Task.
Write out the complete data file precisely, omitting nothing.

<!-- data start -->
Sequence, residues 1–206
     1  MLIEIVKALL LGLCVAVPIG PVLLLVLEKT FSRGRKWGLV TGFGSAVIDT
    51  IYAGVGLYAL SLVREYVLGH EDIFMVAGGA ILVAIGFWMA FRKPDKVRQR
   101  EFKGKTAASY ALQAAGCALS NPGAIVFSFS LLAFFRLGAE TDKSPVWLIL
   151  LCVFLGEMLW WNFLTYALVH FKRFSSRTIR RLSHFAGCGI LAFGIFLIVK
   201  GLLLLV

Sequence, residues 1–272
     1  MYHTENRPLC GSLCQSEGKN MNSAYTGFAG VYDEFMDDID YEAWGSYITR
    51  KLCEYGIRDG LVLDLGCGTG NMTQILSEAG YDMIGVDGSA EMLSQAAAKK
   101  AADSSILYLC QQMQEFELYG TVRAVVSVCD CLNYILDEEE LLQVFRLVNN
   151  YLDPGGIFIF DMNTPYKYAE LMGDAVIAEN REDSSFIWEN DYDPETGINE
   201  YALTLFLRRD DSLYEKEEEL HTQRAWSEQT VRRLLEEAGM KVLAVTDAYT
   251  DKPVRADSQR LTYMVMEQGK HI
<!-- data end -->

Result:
Sequence, residues 1–206
     1  MLIEIVKALL LGLCVAVPIG PVLLLVLEKT FSRGRKWGLV TGFGSAVIDT
    51  IYAGVGLYAL SLVREYVLGH EDIFMVAGGA ILVAIGFWMA FRKPDKVRQR
   101  EFKGKTAASY ALQAAGCALS NPGAIVFSFS LLAFFRLGAE TDKSPVWLIL
   151  LCVFLGEMLW WNFLTYALVH FKRFSSRTIR RLSHFAGCGI LAFGIFLIVK
   201  GLLLLV

Sequence, residues 1–272
     1  MYHTENRPLC GSLCQSEGKN MNSAYTGFAG VYDEFMDDID YEAWGSYITR
    51  KLCEYGIRDG LVLDLGCGTG NMTQILSEAG YDMIGVDGSA EMLSQAAAKK
   101  AADSSILYLC QQMQEFELYG TVRAVVSVCD CLNYILDEEE LLQVFRLVNN
   151  YLDPGGIFIF DMNTPYKYAE LMGDAVIAEN REDSSFIWEN DYDPETGINE
   201  YALTLFLRRD DSLYEKEEEL HTQRAWSEQT VRRLLEEAGM KVLAVTDAYT
   251  DKPVRADSQR LTYMVMEQGK HI